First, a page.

The Zig-Zag Illusion

14 January 2022

Robert Harbin (1908-1978) stunned the nation on the TV show Sunday Night at the London Palladium in 1965 when assistant Dana Marsh entered this very box and, with her hands and face still visible, was seemingly divided into three by two blades and had her midriff slid to the side. This sensational effect, first presented at a Magic Circle banquet, remains one of the magic world’s most memorable illusions.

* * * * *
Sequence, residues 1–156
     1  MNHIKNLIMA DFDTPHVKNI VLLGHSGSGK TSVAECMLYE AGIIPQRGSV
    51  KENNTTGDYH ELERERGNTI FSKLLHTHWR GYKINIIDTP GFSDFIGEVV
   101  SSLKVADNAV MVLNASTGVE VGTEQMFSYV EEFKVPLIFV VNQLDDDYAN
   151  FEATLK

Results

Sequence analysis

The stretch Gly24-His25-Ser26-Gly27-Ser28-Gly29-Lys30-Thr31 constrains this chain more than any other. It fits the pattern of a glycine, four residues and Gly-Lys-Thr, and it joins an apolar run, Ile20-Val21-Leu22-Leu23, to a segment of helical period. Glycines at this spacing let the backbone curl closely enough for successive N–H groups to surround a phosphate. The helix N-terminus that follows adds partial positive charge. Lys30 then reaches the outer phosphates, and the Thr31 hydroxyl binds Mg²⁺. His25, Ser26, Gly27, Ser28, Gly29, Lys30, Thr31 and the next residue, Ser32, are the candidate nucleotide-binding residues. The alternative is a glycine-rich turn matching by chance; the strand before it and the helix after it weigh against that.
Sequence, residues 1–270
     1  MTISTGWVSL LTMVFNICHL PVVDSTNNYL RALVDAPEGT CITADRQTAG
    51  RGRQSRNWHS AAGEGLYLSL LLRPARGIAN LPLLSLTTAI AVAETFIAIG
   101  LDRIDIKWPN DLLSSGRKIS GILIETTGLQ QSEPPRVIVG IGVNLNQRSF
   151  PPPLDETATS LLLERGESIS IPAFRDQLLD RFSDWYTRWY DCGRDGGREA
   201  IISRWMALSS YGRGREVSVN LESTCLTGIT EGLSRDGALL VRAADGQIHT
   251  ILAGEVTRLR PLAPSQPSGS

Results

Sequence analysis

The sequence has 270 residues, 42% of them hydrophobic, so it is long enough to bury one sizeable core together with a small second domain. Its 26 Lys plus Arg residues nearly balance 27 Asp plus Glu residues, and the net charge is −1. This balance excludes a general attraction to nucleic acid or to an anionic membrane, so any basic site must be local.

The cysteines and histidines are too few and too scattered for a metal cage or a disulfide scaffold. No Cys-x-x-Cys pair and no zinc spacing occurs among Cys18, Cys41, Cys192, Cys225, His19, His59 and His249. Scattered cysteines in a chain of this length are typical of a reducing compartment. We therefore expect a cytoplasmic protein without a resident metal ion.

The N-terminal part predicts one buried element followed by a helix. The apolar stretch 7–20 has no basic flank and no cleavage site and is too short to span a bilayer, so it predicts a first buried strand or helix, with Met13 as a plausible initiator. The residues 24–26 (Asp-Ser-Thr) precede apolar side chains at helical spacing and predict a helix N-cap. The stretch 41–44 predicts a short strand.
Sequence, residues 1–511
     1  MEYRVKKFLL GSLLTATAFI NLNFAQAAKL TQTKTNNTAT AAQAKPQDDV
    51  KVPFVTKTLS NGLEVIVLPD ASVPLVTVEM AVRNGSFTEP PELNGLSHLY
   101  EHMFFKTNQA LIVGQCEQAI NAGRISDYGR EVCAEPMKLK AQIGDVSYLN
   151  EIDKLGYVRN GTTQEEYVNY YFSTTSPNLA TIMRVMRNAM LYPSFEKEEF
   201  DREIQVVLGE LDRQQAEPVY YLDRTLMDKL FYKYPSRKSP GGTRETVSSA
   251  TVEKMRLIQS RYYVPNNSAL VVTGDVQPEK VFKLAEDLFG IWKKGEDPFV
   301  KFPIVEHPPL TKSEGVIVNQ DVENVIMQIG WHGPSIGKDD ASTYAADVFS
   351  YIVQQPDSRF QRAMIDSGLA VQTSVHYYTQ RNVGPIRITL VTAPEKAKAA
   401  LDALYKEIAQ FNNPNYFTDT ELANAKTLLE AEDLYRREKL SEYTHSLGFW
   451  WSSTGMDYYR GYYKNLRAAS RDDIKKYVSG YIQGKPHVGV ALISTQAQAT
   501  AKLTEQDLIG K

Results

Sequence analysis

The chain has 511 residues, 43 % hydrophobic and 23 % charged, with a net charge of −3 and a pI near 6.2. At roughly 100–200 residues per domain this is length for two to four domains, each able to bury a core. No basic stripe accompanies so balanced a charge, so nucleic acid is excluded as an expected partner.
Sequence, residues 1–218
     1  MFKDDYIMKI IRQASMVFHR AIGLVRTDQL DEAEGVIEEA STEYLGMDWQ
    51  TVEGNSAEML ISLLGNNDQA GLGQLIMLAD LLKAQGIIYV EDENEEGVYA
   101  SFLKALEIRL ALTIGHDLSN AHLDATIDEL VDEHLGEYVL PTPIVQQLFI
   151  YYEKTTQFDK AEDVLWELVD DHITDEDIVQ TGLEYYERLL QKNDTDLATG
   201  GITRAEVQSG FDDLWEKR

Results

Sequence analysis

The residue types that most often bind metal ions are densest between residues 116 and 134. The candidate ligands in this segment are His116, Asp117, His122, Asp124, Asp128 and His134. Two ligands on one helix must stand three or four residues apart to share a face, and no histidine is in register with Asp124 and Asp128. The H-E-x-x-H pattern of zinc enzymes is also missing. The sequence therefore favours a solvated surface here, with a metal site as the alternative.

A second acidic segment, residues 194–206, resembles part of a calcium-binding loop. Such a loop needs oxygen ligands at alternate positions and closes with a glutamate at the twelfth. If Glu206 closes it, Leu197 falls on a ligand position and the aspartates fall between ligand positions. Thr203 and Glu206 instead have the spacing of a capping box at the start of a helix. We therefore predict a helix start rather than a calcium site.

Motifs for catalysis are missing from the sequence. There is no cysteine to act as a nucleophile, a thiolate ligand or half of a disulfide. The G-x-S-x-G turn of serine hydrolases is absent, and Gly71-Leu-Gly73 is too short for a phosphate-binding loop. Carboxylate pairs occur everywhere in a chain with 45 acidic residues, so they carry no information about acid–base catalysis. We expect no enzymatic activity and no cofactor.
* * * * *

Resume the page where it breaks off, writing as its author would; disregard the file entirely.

The effect was stolen by many and entered The Guinness Book of Records as the most Pirated Magic Trick of all Time. The most famous plagiarism, shortly after Harbin’s TV debut of it, was by American magician Jim Sommers, which may have been a disaster had it not inspired Harbin to license the effect by publishing it in a limited edition book, Magic of Robert Harbin, which was limited to 500 copies when it was published in 1970 before the plates were smashed in a ceremony at The Magic Circle, which now owns the copyright to this valuable volume. Harbin, who received the first Maskelyne  Magician of the Year Award from The Magic Circle in 1970, is rightly revered and considered one of the most important inventors of magic in the past century.

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